This invention is concerned with glass-ceramic articles having compositions within a very narrowly-delimited area of the MgO-Al.sub.2 O.sub.3 -B.sub.2 O.sub.3 -SiO.sub.2 field and having alpha-quartz and sapphirine as the principal crystal phases, resulting from nucleation through a combination of TiO.sub.2 and ZrO.sub.2. Upon contacting such articles with lithium ions at an elevated temperature, said lithium ions will replace magnesium ions on a two Li.sup.+-for-one Mg.sup..sup.+2 basis within the crystal structures, thereby providing a unitary glass-ceramic article having an integral surface layer wherein the principal crystal phase is a lithium-stuffed beta-quartz solid solution. That transformation of crystal phases results in compressive stresses being set up within the surface layer as the articles are cooled. Through the careful control of composition, crystallization treatment, and the parameters of the replacement reaction in the crystal structures, a tremendous degree of stored elastic energy can be developed within the articles such that they will demonstrate frangibility when fractured but will not exhibit undesirable spontaneous breakage and/or spalling.

  3. Metallic Zinc Exhibits Optimal Biocompatibility for Bioabsorbable Endovascular Stents

    PubMed Central

    Bowen, Patrick K.; Guillory, Roger J.; Shearier, Emily R.; Seitz, Jan-Marten; Drelich, Jaroslaw; Bocks, Martin; Zhao, Feng; Goldman, Jeremy

    2015-01-01

    Although corrosion resistant bare metal stents are considered generally effective, their permanent presence in a diseased artery is an increasingly recognized limitation due to the potential for long-term complications. We previously reported that metallic zinc exhibited an ideal biocorrosion rate within murine aortas, thus raising the possibility of zinc as a candidate base material for endovascular stenting applications. This study was undertaken to further assess the arterial biocompatibility of metallic zinc. Metallic zinc wires were punctured and advanced into the rat abdominal aorta lumen for up to 6.5 months. This study demonstrated that metallic zinc did not provoke responses that often contribute to restenosis. Low cell densities and neointimal tissue thickness, along with tissue regeneration within the corroding implant, point to optimal biocompatibility of corroding zinc. Furthermore, the lack of progression in neointimal tissue thickness over 6.5 months or the presence of smooth muscle cells near the zinc implant suggest that the products of zinc corrosion may suppress the activities of inflammatory and smooth muscle cells. PMID:26249616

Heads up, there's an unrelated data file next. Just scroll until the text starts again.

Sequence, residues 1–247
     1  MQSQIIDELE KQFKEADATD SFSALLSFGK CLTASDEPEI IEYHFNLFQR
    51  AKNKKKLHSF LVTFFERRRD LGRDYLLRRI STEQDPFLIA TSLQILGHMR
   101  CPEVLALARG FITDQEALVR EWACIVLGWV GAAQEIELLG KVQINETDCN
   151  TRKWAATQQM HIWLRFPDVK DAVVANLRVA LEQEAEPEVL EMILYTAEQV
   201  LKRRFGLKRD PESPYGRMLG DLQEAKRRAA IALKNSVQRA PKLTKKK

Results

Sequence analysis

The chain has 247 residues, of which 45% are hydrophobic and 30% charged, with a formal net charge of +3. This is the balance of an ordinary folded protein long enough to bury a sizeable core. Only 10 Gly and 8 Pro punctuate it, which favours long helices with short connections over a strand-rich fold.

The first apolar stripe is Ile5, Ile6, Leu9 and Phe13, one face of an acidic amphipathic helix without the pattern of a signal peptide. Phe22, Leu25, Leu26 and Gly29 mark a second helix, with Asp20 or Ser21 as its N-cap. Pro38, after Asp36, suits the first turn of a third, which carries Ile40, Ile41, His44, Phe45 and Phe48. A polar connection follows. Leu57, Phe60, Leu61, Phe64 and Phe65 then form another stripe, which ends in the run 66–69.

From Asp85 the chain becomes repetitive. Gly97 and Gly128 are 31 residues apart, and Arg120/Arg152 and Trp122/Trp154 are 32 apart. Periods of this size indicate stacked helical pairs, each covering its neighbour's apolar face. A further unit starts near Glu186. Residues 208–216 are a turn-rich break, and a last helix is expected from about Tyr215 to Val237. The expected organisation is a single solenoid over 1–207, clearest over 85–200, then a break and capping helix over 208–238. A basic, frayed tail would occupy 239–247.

4. Pimecrolimus micelle exhibits excellent therapeutic effect for Keratoconjunctivitis Sicca.

    PubMed

    Yingfang, Fan; Zhuang, Bo; Wang, Cheng; Xu, Xuelian; Xu, Wei; Lv, Zhihua

    2016-04-01

    Poor corneal penetration and short residence time on the ocular surface are two major bottlenecks for conventional ophthalmic formulations. To overcome the foregoing dilemmas, we prepared two novel formulations of pimecrolimus nanomicelles (PNM) with particle size of 37.85 ± 1.21 nm and thermosensitive hydrogel (PTH) for treating Keratoconjunctivitis Sicca (KCS). PNM were investigated by transmission electron microscopy (TEM), Malvern laser particle size analyzer, X-ray diffraction (XRD) system, and the content of drug in PNM was measured by high-performance liquid chromatography (HPLC). The drug loading and encapsulation efficiency reached to 7.57% ± 0.10% and 97.9% ± 1.26%, respectively. PTH displayed special gel-sol transition behavior with temperature increasing from 4 °C to 37 °C. The in vitro release profile demonstrated that PNM and PTH exhibited sustained-release behavior compared with free pimecrolimus oil-based eye drop (FPO). In addition, we established a mouse model of KCS induced by benzalkonium chloride to evaluate the therapeutic outcome of different pimecrolimus formulations. The production of tear, fluorescein staining scores and histopathologic examinations of the cornea were assessed in detail. The results confirmed that PNM had the best therapeutic effect among all formulations based on its higher drug encapsulation capability, favourable permeability and sustained release. All these indicated that PNM could serve as a potent ophthalmologic agent for KCS. PMID:26731192

  5. Bonobos and chimpanzees exhibit human-like framing effects.

    PubMed

    Krupenye, Christopher; Rosati, Alexandra G; Hare, Brian

    2015-02-01

    Humans exhibit framing effects when making choices, appraising decisions involving losses differently from those involving gains. To directly test for the evolutionary origin of this bias, we examined decision-making in humans' closest living relatives: bonobos (Pan paniscus) and chimpanzees (Pan troglodytes). We presented the largest sample of non-humans to date (n = 40) with a simple task requiring minimal experience. Apes made choices between a 'framed' option that provided preferred food, and an alternative option that provided a constant amount of intermediately preferred food. In the gain condition, apes experienced a positive 'gain' event in which the framed option was initially presented as one piece of food but sometimes was augmented to two. In the loss condition, apes experienced a negative 'loss' event in which they initially saw two pieces but sometimes received only one. Both conditions provided equal pay-offs, but apes chose the framed option more often in the positive 'gain' frame. Moreover, male apes were more susceptible to framing than were females. These results suggest that some human economic biases are shared through common descent with other apes and highlight the importance of comparative work in understanding the origins of individual differences in human choice. PMID:25672997